History makes clear that CON schemes like North Carolina’s are nothing but protectionism run amok. Indeed, a 2004 joint report from the U.S. Department of Justice and the Federal Trade Commission found no reliable evidence that CON laws achieve any public benefits—a situation the report found troubling in light of the clear evidence that the laws grant anticompetitive benefits to protected business interests. Another study found no evidence that CON regulations limit health care price inflation and little evidence that they reduce health care spending—and that, in fact, the evidence suggests CON laws lead to higher costs for patients. There is even evidence that CON regulations lead to lower-quality care or, at best, have little to no effect on quality. States with CON laws have about 1.3 fewer hospital beds per 1,000 people than states without CON laws. That’s almost 50% of the national average of 2.8 hospital beds per 1,000 people. Which, given the current nationwide shortage of hospital beds amidst a global pandemic, clearly illustrates the shortcomings of CON laws.
If successful, this lawsuit would set an important precedent and clear the way for hospitals and other medical providers to expand offerings and over all access.
The government cannot pick winners and losers in the marketplace. Patients and doctors—not the government—are in the best position to decide which health care services are “needed,” and the North Carolina Constitution protects their right to do exactly that.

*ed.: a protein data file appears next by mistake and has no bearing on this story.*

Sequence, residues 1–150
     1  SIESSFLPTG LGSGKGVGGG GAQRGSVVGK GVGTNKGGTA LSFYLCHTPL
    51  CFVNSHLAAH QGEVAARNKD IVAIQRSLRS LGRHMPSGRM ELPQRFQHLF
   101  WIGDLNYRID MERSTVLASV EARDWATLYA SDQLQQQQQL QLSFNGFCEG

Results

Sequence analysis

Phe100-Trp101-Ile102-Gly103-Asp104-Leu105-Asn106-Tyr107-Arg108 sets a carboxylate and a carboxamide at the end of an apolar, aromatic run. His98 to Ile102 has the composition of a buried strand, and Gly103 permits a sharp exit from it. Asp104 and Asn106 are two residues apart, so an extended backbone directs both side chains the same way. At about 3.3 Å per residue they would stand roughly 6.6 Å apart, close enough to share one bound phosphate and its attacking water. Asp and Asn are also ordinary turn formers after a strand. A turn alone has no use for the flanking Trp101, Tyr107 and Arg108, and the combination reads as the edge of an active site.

The Litigation Team
IJ Attorneys Renée Flaherty and Joshua Windham represent Dr. Singleton and Singleton Vision Center. John Branch of Shanahan Law Group, PLLC, serves as local counsel.
About the Institute for Justice
The Institute for Justice is the national law firm for liberty. This lawsuit was filed in conjunction with a second lawsuit in Nebraska challenging the CON law governing medical transportation. IJ also represents health care providers in Iowa and Kentucky in a challenge to those state’s CON laws, and IJ has brought other lawsuits nationwide in support of medical innovationand self-determination.
For more information, contact:
- Justin Wilson
(703) 682-9320, ext. 206
 Metcalf-McCloskey Act; Herbert Harvey Hyman, Health Planning: A Systematic Approach (1982), p. 253.
 Pub. L. 93-641, 88 Stat. 2225 (1975).
 Pub. L. 99-660, § 701, 100 Stat. 3799 (1986).
 N.C. Gen. Stat. Ann. § 131E-178(a).
 N.C. Gen. Stat. §§ 131E-176(16)(a), (u), 131E-178(a); see also 10A N.C. Admin. Code 13C .0202(b) (conditioning licensure under the Ambulatory Surgical Facility Licensure Act on obtaining a CON).
 Id. § 131E-190.
 N.C. Gen. Stat. Ann. § 131E-183.
 Id. § 131E-185.
 Id. § 131E-188(a).
 Id. § 131E-188(b).
 In re Certificate of Need for Aston Park Hosp., Inc., 282 N.C. 542, 551–52 (1973).
 “Perpetuities and monopolies are contrary to the genius of a free state and shall not be allowed.” N.C. Const. art. I, § 34. “No person or set of persons is entitled to exclusive or separate emoluments or privileges from the community but in consideration of public services.” N.C. Const. art. I, § 32.
 “No person shall be taken, imprisoned, or disseized of his freehold, liberties, or privileges, or outlawed, or exiled, or in any manner deprived of his life, liberty, or property, but by the law of the land.” N.C. Const. art. I, § 19.
 N.C. Gen. Stat. Ann. § 131E-175.